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Best advice: Diverse reaction

A 100% equity portfolio is filled with risk and diversifying Sipp investments is a must.

I have a Sipp in which I select the investments. At this time, I am invested in a range of shares across UK banks and insurance companies and also some collective investments in the US and Europe. In the next couple of years, I intend to start to draw income from this fund. How should I invest the fund in the future?

Having examined your portfolio, I imagine that you would have experienced a roller-coaster ride in the past. There would have been really good years when the value of your Sipp increased and during some time periods increased quite rapidly and then other times when it would have fallen sharply in value. That is the way it is with equities.

But now you reach a different stage in the life of your Sipp. The equities that you have selected are very focused on the UK. European and US equities that you hold are a relatively modest part of the total.

Until now, you have been in the accumulation stage, where what you wanted was for the Sipp fund to grow in value. Now you are about to enter the decumulation stage, where you want the money to work for you in a different way.

What we often find is that clients who want to keep their pension fund invested are seeking a combination of sustainability of capital and income generation.

I assume you have determined that for whatever reason you do not intend to use your pension fund to buy an annuity. Annuity purchase should not be ignored because for many people it is the right thing to do. However, for the purpose of my reply I assume that an unsecured pension is the right way forward.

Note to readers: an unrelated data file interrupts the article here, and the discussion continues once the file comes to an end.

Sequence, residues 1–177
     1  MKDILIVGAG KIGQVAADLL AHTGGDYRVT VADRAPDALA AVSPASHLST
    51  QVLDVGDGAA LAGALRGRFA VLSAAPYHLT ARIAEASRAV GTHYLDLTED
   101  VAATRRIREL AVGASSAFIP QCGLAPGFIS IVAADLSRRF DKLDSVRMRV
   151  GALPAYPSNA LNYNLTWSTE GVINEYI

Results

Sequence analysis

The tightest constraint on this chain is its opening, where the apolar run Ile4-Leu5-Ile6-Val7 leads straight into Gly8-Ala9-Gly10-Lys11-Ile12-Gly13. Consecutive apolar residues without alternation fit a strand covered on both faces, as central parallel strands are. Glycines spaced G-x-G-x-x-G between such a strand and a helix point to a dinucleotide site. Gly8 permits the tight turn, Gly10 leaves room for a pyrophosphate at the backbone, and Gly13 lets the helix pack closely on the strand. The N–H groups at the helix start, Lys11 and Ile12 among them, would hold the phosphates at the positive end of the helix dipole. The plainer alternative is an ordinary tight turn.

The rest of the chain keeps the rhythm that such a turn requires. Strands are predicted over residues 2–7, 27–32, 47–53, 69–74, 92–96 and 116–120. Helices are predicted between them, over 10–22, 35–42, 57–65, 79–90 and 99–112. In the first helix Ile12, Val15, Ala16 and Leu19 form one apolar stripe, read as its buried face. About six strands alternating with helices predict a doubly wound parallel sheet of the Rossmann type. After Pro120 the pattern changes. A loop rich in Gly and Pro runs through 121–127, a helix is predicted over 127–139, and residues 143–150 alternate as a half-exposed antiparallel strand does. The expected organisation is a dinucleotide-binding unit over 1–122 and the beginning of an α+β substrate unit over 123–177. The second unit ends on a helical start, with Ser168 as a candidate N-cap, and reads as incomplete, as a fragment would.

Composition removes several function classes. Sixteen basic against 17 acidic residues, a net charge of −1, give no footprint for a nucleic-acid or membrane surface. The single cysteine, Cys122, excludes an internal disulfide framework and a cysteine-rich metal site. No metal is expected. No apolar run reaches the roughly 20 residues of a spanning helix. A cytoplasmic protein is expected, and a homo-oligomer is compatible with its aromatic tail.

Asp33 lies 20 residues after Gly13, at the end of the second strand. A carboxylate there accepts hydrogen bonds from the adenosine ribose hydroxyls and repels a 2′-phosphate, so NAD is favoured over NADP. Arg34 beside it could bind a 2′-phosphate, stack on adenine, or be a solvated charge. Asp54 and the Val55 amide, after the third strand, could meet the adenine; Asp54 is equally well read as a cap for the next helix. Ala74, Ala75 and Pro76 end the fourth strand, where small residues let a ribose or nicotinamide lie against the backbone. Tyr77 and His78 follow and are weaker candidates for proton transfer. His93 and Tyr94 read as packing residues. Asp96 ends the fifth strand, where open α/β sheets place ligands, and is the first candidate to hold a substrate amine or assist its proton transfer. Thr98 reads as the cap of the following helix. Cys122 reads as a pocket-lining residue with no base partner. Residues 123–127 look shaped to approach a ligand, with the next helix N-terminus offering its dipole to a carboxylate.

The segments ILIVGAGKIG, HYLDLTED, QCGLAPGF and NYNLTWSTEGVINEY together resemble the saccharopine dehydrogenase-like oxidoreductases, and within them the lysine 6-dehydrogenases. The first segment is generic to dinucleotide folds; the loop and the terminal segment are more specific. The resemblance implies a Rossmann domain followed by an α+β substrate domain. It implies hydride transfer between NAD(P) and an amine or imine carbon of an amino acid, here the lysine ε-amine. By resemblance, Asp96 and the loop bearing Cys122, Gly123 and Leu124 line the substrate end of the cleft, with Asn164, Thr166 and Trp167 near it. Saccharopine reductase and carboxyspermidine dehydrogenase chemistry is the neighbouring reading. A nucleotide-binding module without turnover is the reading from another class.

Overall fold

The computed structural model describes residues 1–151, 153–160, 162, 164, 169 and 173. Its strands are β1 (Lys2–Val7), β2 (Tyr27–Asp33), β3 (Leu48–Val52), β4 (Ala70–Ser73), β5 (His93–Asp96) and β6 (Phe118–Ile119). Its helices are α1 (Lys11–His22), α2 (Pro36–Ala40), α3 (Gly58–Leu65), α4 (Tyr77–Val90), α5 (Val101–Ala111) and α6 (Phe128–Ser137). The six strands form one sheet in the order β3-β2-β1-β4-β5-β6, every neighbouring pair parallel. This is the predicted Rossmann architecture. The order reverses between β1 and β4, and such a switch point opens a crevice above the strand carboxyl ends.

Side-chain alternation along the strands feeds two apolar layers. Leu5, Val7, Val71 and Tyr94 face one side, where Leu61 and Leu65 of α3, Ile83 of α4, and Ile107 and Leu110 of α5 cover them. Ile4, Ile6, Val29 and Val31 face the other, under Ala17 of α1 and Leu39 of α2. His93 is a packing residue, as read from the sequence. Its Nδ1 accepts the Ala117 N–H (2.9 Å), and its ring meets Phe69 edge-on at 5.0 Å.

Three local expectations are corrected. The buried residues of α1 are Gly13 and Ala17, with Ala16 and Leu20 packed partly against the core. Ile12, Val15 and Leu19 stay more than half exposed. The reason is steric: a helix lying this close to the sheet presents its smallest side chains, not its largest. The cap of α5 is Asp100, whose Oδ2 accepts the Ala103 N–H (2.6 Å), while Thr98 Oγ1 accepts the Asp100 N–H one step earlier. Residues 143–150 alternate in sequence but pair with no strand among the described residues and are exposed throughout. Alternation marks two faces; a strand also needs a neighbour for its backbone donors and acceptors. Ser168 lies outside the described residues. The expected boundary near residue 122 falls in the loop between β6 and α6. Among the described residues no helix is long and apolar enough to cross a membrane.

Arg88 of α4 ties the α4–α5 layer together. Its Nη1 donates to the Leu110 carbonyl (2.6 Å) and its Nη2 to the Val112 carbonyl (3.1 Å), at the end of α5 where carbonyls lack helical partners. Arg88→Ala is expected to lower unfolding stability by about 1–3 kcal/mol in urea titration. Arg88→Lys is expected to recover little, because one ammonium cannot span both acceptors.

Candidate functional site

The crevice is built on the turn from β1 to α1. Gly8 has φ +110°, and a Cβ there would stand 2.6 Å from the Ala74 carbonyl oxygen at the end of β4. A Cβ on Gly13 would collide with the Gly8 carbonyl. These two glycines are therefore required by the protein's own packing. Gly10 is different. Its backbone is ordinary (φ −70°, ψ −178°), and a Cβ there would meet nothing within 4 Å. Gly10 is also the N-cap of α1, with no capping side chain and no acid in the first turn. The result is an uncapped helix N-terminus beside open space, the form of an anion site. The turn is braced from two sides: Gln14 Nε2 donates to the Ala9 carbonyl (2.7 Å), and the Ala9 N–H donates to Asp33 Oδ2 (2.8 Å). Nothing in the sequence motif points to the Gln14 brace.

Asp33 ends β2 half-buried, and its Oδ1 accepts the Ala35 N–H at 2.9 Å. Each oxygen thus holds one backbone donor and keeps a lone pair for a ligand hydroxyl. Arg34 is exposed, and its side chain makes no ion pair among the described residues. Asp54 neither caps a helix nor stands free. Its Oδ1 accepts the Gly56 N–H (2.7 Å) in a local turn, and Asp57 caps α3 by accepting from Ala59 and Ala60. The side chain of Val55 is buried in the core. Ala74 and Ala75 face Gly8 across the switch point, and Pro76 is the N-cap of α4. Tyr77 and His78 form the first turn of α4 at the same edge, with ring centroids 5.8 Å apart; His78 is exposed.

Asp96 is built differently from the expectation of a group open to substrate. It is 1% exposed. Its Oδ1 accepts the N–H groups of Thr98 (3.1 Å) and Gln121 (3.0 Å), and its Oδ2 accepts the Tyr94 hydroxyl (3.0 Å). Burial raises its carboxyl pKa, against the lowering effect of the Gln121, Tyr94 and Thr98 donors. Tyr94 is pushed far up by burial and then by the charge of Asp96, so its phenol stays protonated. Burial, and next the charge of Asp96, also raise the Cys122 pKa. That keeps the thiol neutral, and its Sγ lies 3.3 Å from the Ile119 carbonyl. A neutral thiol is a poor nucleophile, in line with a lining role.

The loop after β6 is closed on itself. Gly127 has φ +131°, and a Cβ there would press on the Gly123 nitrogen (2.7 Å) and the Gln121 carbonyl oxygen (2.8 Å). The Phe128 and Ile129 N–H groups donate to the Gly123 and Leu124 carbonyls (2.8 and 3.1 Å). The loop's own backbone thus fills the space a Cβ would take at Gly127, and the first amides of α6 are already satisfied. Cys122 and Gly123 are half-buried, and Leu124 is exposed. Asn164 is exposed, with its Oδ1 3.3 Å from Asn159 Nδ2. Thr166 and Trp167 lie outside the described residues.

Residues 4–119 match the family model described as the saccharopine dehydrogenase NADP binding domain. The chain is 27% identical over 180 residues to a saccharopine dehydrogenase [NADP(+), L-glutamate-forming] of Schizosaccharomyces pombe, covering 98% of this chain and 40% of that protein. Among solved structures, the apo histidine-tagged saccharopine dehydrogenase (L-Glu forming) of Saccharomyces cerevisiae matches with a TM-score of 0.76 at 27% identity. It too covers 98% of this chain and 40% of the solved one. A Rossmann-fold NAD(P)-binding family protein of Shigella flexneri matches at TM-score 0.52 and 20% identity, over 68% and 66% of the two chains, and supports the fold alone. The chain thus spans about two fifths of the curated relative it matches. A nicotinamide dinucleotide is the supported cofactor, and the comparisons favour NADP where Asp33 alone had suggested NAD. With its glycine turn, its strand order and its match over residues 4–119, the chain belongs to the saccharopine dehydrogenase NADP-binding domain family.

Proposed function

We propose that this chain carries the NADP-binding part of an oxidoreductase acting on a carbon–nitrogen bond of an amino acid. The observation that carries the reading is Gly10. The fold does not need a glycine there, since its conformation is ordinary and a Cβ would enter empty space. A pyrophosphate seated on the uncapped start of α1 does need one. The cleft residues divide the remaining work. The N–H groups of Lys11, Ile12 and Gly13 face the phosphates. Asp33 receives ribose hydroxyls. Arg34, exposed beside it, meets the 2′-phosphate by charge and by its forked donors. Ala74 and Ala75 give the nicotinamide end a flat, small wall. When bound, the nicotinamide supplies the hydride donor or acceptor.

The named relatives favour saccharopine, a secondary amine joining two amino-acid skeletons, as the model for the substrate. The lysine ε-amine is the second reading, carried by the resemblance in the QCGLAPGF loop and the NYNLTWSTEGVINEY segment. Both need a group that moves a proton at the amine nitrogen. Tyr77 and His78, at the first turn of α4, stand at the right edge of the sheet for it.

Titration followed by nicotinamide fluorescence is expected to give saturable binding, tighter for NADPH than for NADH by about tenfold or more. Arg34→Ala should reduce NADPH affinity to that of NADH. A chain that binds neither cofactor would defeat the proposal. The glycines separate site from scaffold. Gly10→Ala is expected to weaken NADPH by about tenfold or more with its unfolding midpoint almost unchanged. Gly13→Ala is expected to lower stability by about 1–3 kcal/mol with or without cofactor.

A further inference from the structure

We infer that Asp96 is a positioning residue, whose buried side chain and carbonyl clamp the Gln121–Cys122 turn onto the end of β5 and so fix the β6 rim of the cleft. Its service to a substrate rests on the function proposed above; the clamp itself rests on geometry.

I strongly recommend that you diversify your portfolio. Maintaining a 100 per cent equity portfolio is a strategy filled with risk.

Imagine you start to draw income from the fund and then we enter another market crash. The capital value of your Sipp will go down. This fall in value will be exaggerated by the fact that you continue to take income.

It is possible that this combination of market falls coupled with extracting income might mean that your Sipp portfolio will never recover to its starting position and you need to ask yourself if you have the capacity to accept that loss.

If, for example, you have other sources of income and are not entirely reliant upon the income that you might generate from your Sipp then you might accept that the risk is worth taking.

A diversified portfolio might protect you against the worst of the downside and certainly our experience is that those people who have unsecured pensions are more concerned about protecting themselves from the downside rather than chasing the best gains.

But even a diversified portfolio of cash, fixed-interest securities, equities across the globe and commercial property can still result in a potential for capital loss.

You might consider, for example, keeping the first few years of income you need in cash so that you do not have to disinvest more actively invested assets at an inapp-ropriate time.

What you will need to be seeking is a yield on your investment portfolio that supports the level of income that you need together with covering the cost of ongoing investment management and to some degree inflation.

Add these together and the challenge is likely to be a tough one. You may conclude depending upon your circumstances and financial planning goals that an annuity does not look particularly unattractive.

Nick Bamford is chief executive of Informed Choice

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